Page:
Iran won’t tolerate British piracy: Hatami

July 8, 2019

TEHRAN - Iranian Defense Minister Amir Hatami said on Monday that Britain’ act in seizing Iranian oil tanker was an act of piracy which will not be tolerated.

“On these days, we have witnessed a provocative act by the British government against the Islamic Republic of Iran’s oil tanker in Gibraltar. This action is against international regulation and the Europeans commitments under the JCPOA and is also a kind of piracy,” Hatami said.

On early Thursday morning, British Royal Marines in Gibraltar stormed the 300,000-ton Grace 1 and detained it, accusing it of carrying oil to Syria in possible violation of the European Union’s sanctions on the war-torn Arab country.

Iran has condemned the move as “maritime piracy” and summoned Britain’s ambassador for three times in protest. Tehran has vowed to employ all its political and legal capacities to secure the release of the vessel and uphold its rights.

On Sunday, Iranian Deputy Foreign Minister Abbas Araqchi denied reports that the supertanker was carrying oil to Syria.

“Contrary to Britain’s announcement, the tanker was not bound for Syria, and the port mentioned is not capable of receiving such a tanker,” Araqchi told reporters at a news conference in Tehran.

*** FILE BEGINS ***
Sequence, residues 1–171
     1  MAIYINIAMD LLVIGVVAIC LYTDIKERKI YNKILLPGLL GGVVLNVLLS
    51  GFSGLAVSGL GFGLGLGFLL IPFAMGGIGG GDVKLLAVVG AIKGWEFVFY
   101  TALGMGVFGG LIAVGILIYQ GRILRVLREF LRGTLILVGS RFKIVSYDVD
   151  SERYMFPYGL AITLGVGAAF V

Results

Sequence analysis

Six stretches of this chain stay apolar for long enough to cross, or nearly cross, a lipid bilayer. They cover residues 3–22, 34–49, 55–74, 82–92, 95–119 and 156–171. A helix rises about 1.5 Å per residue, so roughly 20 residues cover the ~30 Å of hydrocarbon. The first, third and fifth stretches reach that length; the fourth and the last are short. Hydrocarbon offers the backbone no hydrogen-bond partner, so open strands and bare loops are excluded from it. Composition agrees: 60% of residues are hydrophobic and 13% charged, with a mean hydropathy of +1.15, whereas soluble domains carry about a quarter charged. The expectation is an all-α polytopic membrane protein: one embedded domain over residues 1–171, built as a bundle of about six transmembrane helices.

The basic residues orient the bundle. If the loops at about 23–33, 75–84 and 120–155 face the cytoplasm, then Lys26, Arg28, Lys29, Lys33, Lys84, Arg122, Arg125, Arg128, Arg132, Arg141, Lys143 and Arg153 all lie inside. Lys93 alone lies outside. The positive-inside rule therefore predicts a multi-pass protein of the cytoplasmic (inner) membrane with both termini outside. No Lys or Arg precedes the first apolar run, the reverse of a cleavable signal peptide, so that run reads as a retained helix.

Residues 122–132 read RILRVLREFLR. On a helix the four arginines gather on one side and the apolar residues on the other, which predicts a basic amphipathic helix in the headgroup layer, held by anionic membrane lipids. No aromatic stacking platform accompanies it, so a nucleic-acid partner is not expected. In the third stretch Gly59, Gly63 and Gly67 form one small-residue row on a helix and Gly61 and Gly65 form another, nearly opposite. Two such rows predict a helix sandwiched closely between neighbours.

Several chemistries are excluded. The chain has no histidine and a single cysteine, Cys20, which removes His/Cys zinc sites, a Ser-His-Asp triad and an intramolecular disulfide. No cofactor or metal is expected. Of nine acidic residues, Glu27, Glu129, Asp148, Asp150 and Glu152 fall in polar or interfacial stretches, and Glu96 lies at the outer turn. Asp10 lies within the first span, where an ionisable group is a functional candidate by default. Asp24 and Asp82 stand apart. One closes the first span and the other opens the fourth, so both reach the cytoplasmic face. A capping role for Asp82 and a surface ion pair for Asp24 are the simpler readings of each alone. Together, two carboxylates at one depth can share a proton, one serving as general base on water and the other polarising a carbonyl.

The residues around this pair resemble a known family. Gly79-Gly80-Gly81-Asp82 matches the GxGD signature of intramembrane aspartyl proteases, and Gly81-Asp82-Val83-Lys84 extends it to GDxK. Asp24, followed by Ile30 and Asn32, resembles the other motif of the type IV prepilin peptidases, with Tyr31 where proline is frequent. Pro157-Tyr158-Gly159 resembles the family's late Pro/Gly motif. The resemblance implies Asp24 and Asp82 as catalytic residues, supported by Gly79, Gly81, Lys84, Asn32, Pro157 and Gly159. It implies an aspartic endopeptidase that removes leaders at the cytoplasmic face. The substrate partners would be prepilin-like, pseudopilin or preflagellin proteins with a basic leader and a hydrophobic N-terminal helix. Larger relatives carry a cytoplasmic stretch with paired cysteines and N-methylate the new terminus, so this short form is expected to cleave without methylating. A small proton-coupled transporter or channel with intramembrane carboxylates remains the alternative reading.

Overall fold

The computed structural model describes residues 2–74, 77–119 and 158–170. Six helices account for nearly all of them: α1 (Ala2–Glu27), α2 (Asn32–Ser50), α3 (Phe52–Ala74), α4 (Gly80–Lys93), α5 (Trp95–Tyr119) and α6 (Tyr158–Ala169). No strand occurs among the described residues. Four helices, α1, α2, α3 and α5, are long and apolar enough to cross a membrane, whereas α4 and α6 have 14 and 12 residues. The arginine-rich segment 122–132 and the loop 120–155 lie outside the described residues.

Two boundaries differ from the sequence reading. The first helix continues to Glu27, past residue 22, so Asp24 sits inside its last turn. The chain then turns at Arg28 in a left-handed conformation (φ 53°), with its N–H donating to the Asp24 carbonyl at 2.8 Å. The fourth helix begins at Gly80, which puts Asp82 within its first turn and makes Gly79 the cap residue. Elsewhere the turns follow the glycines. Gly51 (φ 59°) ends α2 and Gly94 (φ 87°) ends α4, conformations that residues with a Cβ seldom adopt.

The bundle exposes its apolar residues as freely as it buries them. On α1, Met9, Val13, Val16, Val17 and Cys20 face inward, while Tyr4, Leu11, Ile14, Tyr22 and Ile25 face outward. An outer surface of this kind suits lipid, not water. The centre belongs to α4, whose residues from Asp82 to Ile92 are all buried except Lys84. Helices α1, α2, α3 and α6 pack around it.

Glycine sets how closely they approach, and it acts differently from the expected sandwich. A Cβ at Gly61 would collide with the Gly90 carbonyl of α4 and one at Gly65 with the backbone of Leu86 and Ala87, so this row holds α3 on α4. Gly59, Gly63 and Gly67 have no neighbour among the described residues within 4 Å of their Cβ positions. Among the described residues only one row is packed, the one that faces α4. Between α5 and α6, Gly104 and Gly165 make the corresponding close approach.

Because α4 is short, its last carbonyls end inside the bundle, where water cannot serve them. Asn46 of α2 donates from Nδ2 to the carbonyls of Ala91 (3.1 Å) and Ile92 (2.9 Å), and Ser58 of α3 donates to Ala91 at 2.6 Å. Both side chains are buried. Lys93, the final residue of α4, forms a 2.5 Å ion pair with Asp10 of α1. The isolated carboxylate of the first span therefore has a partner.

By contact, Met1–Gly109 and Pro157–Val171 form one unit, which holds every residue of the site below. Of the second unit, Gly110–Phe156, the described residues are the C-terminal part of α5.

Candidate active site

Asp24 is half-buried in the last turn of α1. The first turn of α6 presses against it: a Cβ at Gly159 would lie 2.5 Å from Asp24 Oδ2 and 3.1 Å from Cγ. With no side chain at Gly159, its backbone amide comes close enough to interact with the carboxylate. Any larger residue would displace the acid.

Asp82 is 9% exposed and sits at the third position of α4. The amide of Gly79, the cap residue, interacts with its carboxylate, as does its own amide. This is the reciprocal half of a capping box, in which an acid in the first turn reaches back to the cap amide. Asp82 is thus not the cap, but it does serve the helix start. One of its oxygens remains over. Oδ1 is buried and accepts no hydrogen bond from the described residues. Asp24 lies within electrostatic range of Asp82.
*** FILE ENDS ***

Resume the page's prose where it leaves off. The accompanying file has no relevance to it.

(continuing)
The seized tanker is a 2 million barrel capacity very large crude carrier (VLCC), Araqchi said, adding it could not pass through the Suez Canal and that was why it had to go the extra mile through Gibraltar.

A top court in the British overseas territory of Gibraltar ruled late Friday that the Iranian supertanker could be detained for up to 14 more days.

“The Supreme Court has issued today’s order on the basis that there are reasonable grounds to consider that the detention of the Grace 1 is required for the purposes of compliance with the European Union (EU) Regulation 36/2012 on sanctions on Syria,” Gibraltar’s government said in a statement.

Earlier on Friday, the Associated Press reported that the vessel’s 28 crew members were being held on the ship for questioning and had not been detained under criminal procedures, citing an unnamed spokesperson for the Gibraltar government.

Spain, which challenges the British ownership of Gibraltar, has said the seizure was prompted by a U.S. request to Britain and appeared to have taken place in Spanish waters.

Spain’s acting Foreign Minister Josep Borrell said on Friday that Madrid was planning to lodge a formal complaint against the UK and was studying the circumstances and looking at how the incident is affecting its sovereignty.

U.S. National Security Advisor John Bolton — an ardent hawk behind the White House’s highly hostile Iran policy — has praised the measure.

NA/PA
 

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